Australian incumbent Telstra has formulated plans to invest AUD500 million (USD359 million) in upgrading its HFC cable network to deliver super-fast broadband should it fail to agree on the terms of the regulation of its planned next generation fibre-to-the-node network (FTTN) with the Australian Competition and Consumer Commission (ACCC). As the owner of Australia’s PSTN, Telstra must provide alternative operators with unrestricted access to its network, something which has been the source of extensive debate since unbundled local loop (ULL) and wholesale products were introduced in 2000. The telco says it is the subject of over-regulation and is refusing to comply with the ACCC’s latest draft proposals for ULL pricing, published in June 2005, which it claims would result in it offering services below cost price. It is concerned that alternative operators will profit on its investment in the FTTN by piggybacking on the new network at a reduced cost, and is threatening to delay the rollout of the FTTN unless it sees wide-reaching changes to the regulatory regime.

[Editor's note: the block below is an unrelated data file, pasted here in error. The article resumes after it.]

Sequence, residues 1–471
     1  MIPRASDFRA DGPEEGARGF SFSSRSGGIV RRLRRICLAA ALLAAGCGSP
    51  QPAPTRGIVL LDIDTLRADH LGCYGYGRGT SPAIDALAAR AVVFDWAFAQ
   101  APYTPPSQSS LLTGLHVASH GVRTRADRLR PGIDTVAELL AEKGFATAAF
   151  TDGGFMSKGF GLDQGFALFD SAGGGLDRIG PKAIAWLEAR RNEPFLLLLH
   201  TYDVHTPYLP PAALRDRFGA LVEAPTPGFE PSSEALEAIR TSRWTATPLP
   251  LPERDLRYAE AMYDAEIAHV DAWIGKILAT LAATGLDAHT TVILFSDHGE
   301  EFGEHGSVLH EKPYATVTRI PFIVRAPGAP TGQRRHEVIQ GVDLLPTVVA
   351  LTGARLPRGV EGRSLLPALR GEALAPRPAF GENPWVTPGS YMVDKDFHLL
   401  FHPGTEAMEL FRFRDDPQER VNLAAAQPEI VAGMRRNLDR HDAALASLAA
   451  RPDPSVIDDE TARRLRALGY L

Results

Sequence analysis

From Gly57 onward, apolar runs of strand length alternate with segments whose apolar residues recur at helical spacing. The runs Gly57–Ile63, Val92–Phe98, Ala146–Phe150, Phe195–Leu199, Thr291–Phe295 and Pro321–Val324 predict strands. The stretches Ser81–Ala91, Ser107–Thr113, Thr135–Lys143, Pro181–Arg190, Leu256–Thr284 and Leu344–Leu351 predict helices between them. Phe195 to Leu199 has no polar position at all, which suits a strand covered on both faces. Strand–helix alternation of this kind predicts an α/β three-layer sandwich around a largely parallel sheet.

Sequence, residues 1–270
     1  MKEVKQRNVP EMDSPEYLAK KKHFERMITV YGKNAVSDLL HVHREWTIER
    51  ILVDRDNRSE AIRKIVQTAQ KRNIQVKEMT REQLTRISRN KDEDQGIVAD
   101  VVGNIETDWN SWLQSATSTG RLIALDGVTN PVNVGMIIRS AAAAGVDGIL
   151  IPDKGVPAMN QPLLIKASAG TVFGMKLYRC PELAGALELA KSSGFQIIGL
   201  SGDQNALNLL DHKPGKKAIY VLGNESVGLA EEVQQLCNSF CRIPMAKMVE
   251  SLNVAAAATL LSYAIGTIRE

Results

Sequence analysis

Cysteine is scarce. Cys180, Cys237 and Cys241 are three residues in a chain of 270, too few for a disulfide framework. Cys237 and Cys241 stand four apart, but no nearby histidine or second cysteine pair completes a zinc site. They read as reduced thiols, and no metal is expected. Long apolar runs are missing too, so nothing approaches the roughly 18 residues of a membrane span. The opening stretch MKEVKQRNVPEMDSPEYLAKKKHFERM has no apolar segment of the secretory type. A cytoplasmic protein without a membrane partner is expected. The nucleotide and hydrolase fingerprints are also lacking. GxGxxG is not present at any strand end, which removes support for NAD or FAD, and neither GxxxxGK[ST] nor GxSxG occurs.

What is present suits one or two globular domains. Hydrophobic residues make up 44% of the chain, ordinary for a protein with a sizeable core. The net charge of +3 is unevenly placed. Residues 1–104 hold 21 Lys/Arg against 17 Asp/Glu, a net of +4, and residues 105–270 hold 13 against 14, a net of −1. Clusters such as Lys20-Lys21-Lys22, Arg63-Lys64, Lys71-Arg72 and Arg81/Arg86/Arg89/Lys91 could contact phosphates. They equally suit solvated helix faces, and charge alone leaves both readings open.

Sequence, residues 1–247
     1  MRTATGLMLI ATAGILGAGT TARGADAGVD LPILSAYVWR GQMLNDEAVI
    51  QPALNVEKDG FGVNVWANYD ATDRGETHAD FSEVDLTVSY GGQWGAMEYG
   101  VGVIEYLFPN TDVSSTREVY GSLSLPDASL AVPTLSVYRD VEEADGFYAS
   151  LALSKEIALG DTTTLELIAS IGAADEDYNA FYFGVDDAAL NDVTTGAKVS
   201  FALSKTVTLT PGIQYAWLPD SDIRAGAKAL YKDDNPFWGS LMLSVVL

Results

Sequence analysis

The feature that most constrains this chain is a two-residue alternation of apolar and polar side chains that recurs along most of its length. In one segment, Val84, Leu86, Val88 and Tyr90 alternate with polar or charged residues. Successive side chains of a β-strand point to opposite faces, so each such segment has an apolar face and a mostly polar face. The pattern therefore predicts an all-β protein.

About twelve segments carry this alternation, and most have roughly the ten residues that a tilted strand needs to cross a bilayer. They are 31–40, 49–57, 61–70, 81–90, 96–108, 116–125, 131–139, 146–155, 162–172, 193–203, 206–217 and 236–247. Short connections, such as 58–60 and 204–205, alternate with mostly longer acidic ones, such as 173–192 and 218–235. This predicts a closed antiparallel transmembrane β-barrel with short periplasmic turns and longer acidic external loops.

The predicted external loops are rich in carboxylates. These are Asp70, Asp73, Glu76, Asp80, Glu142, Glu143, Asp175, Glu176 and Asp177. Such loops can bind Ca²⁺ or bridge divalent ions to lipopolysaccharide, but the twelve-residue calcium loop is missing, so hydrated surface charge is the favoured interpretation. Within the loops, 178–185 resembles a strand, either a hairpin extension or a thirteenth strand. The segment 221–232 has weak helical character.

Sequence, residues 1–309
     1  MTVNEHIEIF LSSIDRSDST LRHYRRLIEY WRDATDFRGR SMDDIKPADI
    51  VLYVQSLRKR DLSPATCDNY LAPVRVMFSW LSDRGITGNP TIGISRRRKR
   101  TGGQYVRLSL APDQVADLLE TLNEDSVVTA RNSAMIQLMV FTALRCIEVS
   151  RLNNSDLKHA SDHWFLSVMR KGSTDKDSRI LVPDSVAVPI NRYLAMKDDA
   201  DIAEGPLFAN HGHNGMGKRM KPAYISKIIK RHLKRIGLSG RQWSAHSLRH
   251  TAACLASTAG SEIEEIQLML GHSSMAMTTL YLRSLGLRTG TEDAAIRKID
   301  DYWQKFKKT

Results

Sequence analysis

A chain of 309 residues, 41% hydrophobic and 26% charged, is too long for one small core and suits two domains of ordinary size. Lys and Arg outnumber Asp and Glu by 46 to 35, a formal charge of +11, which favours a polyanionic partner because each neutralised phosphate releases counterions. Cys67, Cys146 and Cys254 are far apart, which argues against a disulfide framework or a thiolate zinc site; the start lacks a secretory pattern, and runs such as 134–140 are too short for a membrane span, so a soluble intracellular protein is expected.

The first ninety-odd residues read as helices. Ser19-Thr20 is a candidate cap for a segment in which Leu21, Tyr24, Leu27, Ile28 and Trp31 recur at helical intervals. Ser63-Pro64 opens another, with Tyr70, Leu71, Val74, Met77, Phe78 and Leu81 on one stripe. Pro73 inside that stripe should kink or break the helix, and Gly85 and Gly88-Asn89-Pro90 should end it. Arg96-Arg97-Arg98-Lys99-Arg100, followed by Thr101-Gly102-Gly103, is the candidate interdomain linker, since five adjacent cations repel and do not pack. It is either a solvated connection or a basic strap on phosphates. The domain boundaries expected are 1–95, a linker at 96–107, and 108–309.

In the interim, according to The Australian newspaper, Telstra has now devised a plan to upgrade its cable network, as a so-called Option B should the ACCC refuse to compromise on access terms. Currently, Telstra’s HFC network passes around 2.5 million homes, with nodes capable of serving up to 1,200 customers each. The network offers two way transmission for interactive services and high speed data transfer at speeds of up to 10Mbps, whilst its ADSL via PSTN service offers speeds of up to 1.5Mbps (downstream) and 512kbps (upstream). The FTTN would offer broadband at speeds of up to 12Mbps.